The attorneys for “affluenza” teen Ethan Couch filed a motion to remove the judge who sent their client to jail. This follows the legal team’s recent court filing to spring their client out of custody.
On Monday, attorneys Reagan Wynn and Scott Brown filed a motion to recuse state district Judge Wayne Salvant, who presides over Couch’s case. The lawyers asserted the court had no authority when Salvant sent Couch to jail. Situations like Couch’s are considered to be civil proceedings, according to state law, but Salvant is a criminal court judge, KTVT reported. This recusal motion stated any determination the court acted out of its jurisdiction could result in a civil claim by the teen. It contended the judge would have a financial interest in the outcome of such litigation, and the court’s impartiality and personal bias could be questioned.
The argument from Ethan Couch attorneys to recuse Judge Wayne Salvant: pic.twitter.com/wcqvVdpjHe
— Jason Allen (@CBS11JasonAllen) September 13, 2016
In August, Wynn and Brown filed a motion arguing that authorities should release Couch from jail, claiming Salvant never had the proper authority over the case to rule on the matter, Breitbart Texas reported. The teen currently serves 720 days as part of his probation, time imposed by Salvant. It reflects 180 days for each of the four individuals Couch killed when driving drunk in June 2013.
In response to the latest motion filed by Couch’s lawyers, Salvant signed an order asking another presiding judge, Jerry Evans, of the Eighth Administrative Judicial Region, to determine if he should be removed from the case, the Fort Worth Star-Telegram reported. As of Tuesday, the copy of the order had not yet been received by Evans. Prosecutors did not comment on Monday’s motion since Salvant placed a gag order on all parties associated with the case, said KTVT.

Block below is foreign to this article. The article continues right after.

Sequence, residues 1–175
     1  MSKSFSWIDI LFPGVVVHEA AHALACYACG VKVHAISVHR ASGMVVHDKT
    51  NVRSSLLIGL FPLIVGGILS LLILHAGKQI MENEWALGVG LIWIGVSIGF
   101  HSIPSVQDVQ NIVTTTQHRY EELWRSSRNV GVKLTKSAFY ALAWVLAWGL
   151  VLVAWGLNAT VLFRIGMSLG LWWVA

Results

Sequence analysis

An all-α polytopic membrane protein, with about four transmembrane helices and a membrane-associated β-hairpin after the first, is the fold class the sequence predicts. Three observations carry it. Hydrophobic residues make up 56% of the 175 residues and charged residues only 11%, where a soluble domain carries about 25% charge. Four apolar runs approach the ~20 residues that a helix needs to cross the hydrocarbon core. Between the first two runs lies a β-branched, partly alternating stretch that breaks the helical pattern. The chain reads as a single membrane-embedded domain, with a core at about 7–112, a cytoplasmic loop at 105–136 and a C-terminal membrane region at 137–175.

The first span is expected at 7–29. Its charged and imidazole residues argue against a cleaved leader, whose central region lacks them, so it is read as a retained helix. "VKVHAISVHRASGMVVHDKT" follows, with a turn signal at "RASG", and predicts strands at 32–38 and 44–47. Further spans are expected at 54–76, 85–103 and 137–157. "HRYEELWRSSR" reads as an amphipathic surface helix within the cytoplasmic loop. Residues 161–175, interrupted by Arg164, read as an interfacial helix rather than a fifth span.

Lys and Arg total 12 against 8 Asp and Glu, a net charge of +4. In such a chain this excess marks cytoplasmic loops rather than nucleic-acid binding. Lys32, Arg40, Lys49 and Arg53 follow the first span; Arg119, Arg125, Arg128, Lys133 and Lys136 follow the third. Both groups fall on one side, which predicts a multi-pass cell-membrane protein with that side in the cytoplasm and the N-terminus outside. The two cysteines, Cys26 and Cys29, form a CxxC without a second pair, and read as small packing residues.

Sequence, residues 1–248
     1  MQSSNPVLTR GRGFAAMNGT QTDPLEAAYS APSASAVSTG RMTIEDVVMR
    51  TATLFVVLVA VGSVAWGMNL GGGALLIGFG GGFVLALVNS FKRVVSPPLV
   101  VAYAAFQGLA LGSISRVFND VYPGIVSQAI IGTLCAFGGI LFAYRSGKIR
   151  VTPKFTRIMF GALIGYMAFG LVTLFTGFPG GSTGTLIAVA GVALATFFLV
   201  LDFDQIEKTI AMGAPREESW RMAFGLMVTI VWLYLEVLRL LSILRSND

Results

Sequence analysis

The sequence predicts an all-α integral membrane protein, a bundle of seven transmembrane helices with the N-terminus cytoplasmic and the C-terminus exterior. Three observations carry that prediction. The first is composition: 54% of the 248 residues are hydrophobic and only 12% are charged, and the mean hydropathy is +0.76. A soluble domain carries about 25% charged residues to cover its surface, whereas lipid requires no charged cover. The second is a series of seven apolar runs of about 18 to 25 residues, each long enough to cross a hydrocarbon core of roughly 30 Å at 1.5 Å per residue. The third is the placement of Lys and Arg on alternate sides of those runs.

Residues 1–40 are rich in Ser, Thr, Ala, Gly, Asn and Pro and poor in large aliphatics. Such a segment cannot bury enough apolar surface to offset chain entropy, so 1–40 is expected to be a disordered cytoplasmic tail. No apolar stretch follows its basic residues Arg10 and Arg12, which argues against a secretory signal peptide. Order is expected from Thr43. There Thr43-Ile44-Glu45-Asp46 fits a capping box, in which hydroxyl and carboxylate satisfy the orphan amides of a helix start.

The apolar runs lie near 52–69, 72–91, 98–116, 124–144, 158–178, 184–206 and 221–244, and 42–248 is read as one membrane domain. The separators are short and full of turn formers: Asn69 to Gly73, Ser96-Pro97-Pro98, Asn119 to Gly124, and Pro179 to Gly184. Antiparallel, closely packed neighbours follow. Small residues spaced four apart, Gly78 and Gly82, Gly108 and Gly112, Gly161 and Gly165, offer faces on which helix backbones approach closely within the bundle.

Ethan Couch was 16-years-old when he caused a fatal car wreck where four died and others were seriously injured. His blood alcohol level was three times the legal limit for an adult and traces of Valium were found in his system. Wynn and Brown defended Couch in the subsequent high-profile trial where they claimed the minor was the victim of “affluenza,” an inability to distinguish right from wrong, the result of a coddled, affluent upbringing. A lenient juvenile judge sentenced Couch to a 10-year probation sentence plus rehab and counseling instead of the 20 years of prison time the prosecution sought.
Late last year, then 18-year-old Couch and his mother, Tonya, went missing after a party video surfaced online purportedly serving beer and capturing someone who looked like the teen. Consumption of alcoholic beverages was among his probation violations. Their disappearance sparked an international manhunt although authorities quickly found and detained them in Puerto Vallarta, Mexico. Officials deported Tonya Couch to Texas first. The “affluenza” teen initially put up an extradition fight from Mexico City, Breitbart Texas reported. He later dropped it and returned to the Lone Star State. His case transferred automatically from the juvenile to the adult court system on his 19th birthday in April.
Salvant also presides over the case of Couch’s mother. Upon Tonya Couch’s return to Texas, the judge reduced her $1 million bail to $75,000. She then bonded out of jail and into the custody of her older son, Ethan’s half-brother. Salvant also relaxed the conditions of her 24/7 house arrest so she could find a job to support herself while she awaits trial on felony charges of money laundering and hindering the apprehension of a felon, her son Ethan. Weeks before the two vanished, the elder Couch allegedly withdrew $30,000 from a personal bank account. Presently, she works as a bartender in a honky tonk bar in Azle, northwest of Fort Worth.
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